As you age, the structure and appearance of your body change. This is natural and not typically a cause for concern. As your skin, bone structure, and hair color change due to aging, your eyes may change, too.

It’s not unusual for blue-tinted rings to appear around your iris — the colored part of your eye. This condition is called corneal arcus.

There may be a link between early onset corneal arcus (also called arcus senilis) and cardiovascular disease. Keep reading to find out what causes corneal arcus and when it’s a cause for concern.

Blue rings around the iris are caused by cholesterol deposits in the eye. The deposits are actually white or yellowish but can appear blue.

This might sound dangerous, but it isn’t. Researchers estimate that this condition impacts anywhere between 20 and 35 percent of people, becoming increasingly likely as you age. By the time you reach age 80, your chances of developing corneal arcus are nearly 100 percent.

For those under age 40, the condition is rare and may be a cause for concern

Corneal arcus is considered rare in people under age 40. If you notice blue rings around your eyes forming in your 30s or before, you could be at a greater risk of developing heart disease.

Talk to a doctor if you’re under 40 years old and notice symptoms of corneal arcus.

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Corneal arcus is often identified by a blue ring surrounding your iris. The rings can also look gray, white, or yellowish.

When you observe your eye, it may appear that corneal arcus rings are right next to your irises. The cholesterol deposits that cause corneal arcus rings to form are actually located in your cornea, the outer layer of your eye.

If you notice a whitish looking film or a pale cast over your whole eye, that isn’t a typical sign of corneal arcus. A white cast over your eye can be a symptom of cataracts and will need to be diagnosed by your eye doctor.

Blue rings around your irises are a common condition for older people. If you’re over the age of 60 and notice these types of rings starting to take form, corneal arcus may be part of your natural aging process.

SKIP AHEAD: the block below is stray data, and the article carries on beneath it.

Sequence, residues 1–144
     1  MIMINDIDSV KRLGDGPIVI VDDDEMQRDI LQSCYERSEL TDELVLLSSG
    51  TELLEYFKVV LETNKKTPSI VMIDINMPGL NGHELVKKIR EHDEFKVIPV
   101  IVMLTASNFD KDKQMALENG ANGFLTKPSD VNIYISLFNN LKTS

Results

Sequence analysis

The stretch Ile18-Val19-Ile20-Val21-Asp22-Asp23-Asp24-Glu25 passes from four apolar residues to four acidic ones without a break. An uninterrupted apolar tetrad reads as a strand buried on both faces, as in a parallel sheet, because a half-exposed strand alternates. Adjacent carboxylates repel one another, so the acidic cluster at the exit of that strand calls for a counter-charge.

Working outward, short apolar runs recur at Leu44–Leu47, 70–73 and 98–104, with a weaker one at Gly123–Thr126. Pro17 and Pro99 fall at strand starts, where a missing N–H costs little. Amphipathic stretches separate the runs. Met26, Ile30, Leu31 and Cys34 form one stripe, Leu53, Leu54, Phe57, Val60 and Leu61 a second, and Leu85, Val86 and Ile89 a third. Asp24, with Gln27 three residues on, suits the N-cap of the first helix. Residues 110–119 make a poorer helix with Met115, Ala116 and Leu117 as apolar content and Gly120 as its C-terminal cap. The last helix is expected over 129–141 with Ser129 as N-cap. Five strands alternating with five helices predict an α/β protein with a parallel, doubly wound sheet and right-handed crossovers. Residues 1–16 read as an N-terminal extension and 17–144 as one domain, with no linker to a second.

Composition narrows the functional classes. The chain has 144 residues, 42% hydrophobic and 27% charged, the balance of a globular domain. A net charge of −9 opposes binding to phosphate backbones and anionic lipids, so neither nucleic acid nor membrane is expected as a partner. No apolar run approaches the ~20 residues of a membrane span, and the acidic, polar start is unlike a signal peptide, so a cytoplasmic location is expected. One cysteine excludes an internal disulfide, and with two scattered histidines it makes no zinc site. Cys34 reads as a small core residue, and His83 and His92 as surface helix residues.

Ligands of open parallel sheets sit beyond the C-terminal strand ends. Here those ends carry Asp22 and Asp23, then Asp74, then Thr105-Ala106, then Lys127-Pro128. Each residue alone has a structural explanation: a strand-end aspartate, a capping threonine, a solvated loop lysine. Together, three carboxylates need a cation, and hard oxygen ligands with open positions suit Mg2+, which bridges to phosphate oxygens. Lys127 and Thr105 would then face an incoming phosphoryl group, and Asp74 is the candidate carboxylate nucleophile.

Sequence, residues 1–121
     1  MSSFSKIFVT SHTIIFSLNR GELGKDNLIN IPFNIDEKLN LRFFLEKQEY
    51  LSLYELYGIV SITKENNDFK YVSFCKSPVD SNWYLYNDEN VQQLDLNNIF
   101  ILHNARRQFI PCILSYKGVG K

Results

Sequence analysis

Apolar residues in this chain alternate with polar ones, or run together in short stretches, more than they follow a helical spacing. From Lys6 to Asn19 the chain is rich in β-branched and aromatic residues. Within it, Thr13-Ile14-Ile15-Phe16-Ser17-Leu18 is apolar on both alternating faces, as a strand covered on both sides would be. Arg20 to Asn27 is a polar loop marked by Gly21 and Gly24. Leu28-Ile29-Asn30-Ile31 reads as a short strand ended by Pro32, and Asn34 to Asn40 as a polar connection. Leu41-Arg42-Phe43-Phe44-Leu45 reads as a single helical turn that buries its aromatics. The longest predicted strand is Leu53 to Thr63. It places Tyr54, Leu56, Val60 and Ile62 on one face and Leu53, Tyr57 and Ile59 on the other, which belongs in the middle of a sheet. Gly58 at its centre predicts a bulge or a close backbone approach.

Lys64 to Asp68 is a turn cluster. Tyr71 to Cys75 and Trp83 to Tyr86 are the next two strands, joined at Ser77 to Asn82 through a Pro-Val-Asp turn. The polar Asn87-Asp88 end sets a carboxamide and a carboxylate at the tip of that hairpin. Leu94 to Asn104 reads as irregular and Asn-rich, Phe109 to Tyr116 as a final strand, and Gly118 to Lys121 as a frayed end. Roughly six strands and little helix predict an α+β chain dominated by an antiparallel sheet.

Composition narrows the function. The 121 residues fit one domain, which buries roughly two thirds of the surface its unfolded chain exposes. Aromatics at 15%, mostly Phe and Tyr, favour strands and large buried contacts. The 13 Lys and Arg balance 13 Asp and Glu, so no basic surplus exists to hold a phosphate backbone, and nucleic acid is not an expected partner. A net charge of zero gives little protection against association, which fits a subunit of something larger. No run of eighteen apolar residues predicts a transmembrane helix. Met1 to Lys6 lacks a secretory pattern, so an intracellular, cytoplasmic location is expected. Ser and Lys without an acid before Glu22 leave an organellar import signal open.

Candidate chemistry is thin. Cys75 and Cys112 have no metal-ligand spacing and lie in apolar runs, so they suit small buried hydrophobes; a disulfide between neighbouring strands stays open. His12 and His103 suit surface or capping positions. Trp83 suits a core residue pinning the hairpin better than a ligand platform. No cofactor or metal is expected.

If you’re 40 or younger and have corneal arcus symptoms, you may be at greater risk of developing heart disease.

A 2015 study of 227 participants showed that corneal arcus is associated with a higher risk of cardiovascular disease in patients with familial hypercholesterolemia. Talk to a doctor if you’re under age 40 and notice symptoms of corneal arcus.

Corneal arcus is considered a benign condition. That means it isn’t harmful to your health and no treatment is typically required.

As with any eye or eyesight condition, it’s recommended that you make an appointment with your eye doctor for a complete eye check and vision exam as soon as you notice a change in the way your eyes look or behave.

A doctor can rule out any additional concerns, and make sure that your eyes are still in good health.

Corneal arcus has similarities to another eye condition called limbus sign.

Limbus sign is caused by calcium deposits in your cornea. This condition causes a milky white film to appear over your eyes and may change the way your eye coloring appears.

Limbus sign doesn’t appear as rings around your iris. It causes a yellow or off-white color to appear in your cornea. Limbus sign is not a benign condition and may require treatment.

Corneal arcus is a natural part of aging for many people. Noticing blue eyes rings around your iris is not usually a reason for concern.

Make sure to get your eyes checked by your eye doctor regularly to make sure that your eyes are healthy.